Semiconductor allocation crisis? What crisis?

“Breaking news: Chips and materials are missing. The Electronics industry in Europe is expecting massive slumps in sales.” Those were the headlines in some electronics industry magazines in Europe last week. Industry consultant Dieter G. Weiss, who leads market research firm in4ma, argues that things are not as clear as they seem.

Dieter G Weiss

Dieter G. Weiss, Founder of in4ma

Data from five public Scandinavian EMS companies Hanza (Sweden), Incap (Finland), Kitron (Norway), Note (Sweden), and Scanfil (Finland) reveal an increase in revenues on average by more than 39%. This was not all organic, to be sure; Kitron had bought BB Electronics in Denmark and Hanza had bought Beyers in Germany, but even when deducting those revenues, it was still about  25% of organic increase. In addition, GPV published excellent results, lifting their revenues by 49% and this week Lacroix electronics followed with 45,7%.

This was evidence enough for Weiss to query: What crisis?

The typical next questions to ask are whether these results are representative for the entire European EMS industry or are we talking about a group of outstanding managers? For sure we are talking about some outstanding managers, but that doesn’t put the matter to rest.

In the past two weeks,  in4ma has contacted 390 EMS companies in Europe to find answers.  The outcome is data from 115 EMS companies with 227 independent legal entities, who were asked to give their personal forecast for annual 2022 revenues based on the results of the first half of 2022 and the known obstacles for the second half.

in4ma knew the 2020 and 2021 revenues for all these 115 companies. They asked: What are you going to sell in the full year of 2022 and which part of this change to 2021 is due to price increases or forwarding extra cost for buying material on the spot market or other costs are you forwarding to your customers as a result of the semiconductor “crisis”.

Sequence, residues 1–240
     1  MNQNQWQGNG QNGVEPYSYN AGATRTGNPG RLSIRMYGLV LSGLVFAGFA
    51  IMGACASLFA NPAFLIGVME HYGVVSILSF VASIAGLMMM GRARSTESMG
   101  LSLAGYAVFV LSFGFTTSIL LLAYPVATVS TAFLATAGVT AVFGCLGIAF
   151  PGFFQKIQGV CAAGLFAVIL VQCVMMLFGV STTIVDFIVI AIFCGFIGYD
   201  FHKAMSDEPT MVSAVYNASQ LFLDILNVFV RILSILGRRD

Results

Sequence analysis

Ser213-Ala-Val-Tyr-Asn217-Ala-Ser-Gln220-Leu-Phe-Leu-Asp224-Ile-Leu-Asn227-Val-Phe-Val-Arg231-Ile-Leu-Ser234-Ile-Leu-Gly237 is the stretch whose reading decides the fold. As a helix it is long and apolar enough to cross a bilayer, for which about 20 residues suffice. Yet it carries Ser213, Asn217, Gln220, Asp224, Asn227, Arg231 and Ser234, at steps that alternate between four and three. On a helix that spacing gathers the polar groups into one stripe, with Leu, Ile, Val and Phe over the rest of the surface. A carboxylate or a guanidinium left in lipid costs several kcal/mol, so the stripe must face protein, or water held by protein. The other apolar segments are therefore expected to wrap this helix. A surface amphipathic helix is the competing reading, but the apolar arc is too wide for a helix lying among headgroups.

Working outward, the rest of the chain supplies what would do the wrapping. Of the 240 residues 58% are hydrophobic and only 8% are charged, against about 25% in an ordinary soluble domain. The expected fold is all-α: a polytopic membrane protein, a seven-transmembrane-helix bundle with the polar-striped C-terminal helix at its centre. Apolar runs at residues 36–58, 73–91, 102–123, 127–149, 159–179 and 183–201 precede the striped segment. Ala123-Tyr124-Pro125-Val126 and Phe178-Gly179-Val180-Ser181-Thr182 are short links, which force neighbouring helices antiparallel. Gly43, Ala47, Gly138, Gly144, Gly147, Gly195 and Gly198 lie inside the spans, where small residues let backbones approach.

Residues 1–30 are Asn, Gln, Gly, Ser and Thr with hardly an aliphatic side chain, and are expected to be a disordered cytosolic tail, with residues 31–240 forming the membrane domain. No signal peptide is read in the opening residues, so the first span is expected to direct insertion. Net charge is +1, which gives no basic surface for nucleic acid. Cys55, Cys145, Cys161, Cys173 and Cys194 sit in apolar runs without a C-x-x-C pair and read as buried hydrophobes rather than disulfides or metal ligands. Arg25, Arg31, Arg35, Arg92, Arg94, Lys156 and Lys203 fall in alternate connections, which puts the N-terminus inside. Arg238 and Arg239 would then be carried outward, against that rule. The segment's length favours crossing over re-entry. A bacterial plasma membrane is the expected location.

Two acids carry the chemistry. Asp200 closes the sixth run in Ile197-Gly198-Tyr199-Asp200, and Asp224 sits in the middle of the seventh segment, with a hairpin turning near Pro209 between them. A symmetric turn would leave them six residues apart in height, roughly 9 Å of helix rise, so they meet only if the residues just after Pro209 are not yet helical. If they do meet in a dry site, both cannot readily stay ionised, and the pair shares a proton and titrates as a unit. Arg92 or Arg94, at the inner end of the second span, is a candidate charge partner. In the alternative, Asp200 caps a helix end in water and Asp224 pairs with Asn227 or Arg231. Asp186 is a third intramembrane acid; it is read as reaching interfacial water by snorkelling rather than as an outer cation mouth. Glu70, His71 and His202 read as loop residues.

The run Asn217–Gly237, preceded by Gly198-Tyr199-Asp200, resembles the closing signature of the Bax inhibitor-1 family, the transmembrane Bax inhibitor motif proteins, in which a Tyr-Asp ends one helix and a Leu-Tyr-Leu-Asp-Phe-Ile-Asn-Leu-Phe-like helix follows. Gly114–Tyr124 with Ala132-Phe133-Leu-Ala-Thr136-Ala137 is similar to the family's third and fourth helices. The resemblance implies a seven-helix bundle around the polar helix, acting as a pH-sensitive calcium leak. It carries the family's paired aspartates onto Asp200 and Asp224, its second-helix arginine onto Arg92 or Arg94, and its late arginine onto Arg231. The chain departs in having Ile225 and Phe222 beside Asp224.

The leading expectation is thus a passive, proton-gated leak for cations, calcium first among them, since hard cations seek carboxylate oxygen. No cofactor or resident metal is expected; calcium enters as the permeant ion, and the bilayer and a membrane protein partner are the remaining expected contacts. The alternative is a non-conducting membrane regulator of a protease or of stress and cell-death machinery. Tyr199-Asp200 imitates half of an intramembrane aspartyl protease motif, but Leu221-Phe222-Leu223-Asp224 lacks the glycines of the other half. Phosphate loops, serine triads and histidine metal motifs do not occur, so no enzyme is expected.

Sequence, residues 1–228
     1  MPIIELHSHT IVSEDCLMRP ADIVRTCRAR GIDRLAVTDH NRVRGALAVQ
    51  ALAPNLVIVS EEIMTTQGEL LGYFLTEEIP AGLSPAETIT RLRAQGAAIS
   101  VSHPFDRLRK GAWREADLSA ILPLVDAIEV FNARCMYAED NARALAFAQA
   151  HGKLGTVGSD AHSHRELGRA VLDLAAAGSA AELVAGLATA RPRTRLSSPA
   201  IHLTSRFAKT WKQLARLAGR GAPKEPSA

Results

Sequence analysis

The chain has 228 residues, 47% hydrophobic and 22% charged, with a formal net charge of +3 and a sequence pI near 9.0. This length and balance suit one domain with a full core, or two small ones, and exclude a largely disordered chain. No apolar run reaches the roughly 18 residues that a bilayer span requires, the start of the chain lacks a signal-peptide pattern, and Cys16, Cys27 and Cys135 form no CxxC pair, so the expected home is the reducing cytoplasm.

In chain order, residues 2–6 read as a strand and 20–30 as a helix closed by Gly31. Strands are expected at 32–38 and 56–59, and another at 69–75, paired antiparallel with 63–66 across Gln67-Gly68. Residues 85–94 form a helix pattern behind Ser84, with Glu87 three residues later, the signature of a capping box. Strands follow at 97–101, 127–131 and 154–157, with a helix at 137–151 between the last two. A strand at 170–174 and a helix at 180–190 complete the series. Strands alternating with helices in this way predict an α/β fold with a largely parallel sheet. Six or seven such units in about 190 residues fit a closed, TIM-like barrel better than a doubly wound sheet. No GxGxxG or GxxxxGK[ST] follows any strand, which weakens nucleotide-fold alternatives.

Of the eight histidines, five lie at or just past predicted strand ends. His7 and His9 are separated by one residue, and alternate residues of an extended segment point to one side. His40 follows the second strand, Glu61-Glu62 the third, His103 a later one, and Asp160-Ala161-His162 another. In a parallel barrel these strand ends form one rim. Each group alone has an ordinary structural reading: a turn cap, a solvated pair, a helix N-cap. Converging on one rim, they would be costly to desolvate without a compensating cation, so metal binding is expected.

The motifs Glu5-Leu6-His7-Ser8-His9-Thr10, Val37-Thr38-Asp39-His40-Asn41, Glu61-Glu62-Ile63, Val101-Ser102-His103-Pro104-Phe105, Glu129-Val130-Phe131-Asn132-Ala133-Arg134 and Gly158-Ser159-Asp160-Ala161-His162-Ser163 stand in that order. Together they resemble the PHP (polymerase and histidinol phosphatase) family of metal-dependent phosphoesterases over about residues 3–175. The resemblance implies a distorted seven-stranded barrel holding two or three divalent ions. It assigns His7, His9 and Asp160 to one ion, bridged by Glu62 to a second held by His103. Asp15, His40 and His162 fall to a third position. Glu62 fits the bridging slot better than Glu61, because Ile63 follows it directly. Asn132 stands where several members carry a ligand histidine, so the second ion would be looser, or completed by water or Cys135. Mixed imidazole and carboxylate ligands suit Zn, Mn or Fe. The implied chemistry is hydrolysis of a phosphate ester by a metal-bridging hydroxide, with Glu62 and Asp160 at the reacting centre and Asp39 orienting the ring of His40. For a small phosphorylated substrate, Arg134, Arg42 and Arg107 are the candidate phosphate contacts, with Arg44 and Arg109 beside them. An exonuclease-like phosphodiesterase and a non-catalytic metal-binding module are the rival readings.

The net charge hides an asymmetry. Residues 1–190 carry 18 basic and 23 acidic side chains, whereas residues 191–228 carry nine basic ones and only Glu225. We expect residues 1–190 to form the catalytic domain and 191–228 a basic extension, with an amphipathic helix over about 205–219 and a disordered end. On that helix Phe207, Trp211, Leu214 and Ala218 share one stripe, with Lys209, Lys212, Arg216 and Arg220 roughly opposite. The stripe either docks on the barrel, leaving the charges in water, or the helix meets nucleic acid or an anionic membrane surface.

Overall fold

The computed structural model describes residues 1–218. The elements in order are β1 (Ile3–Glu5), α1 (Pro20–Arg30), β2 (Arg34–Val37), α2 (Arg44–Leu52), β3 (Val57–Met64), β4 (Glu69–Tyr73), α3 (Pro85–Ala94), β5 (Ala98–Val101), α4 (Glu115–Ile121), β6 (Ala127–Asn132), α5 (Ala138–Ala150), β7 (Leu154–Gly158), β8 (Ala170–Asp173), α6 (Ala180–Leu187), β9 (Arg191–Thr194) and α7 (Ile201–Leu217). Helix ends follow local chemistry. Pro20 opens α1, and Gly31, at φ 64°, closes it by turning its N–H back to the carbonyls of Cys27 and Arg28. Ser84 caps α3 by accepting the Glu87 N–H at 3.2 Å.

The 115 companies who responded came from 20 different European countries and there was not a big difference in the answers. 14 companies (12.2%) forecast no growth in sales or a decline in sales. 15 companies (13.0%) reported single-digit sales growth. 86 companies (74.8%) reported double-digit sales growth, one company even reported 100% growth, i.e. a doubling of sales. Many were in the 25 to 45% range. The revenue-weighted average is 21.9% across all 115 notifiers, with the largest revenue decline being 37%.

Of course, they also asked how high was the proportion of price increases or additional costs charged to customers. Surprisingly, there were 13 companies (11.3%) who stated that they had not increased prices in the last 12 months. Of these, 9 companies had also not reported any sales growth or a sales decline.

The weighted average of price increases and cost transfers was 8.7%, while volume growth and new orders led to an increase in sales of 13.2%. Looking back at the revenue development in Europe for the last nine years, Europe had never recorded such a large growth in sales (volume! not price!).

The total reported revenues were 15,015 billion Euro, a growth rate of 21.9% or 2,61 billion Euro from the 2021 revenues of 12,322 billion Euro.

“Ok back to the original question,” added Weiss. “We are talking about a 13.2% quantity growth for 2022, and is that due to the semiconductor crisis? They were missing chips? Were they just confused? Were they missing potato chips?” he quipped. “Was this just artificial in order to finally get prices for semiconductor manufacturers up and increase profits of the distributors? Did they find a way to manufacture PCBAs without semiconductors?”

There are still many open questions and Weiss would love to hear from EMSNOW readers with their explanations of why we have a crisis:

Actually, Dieter Weiss is pretty sure about the reasons leading to this and will present his views on September 8 at EMS-Day in Wuerzburg Germany as well as on December 1st at the EEIA/IPC seminar in Tallinn/Estonia.


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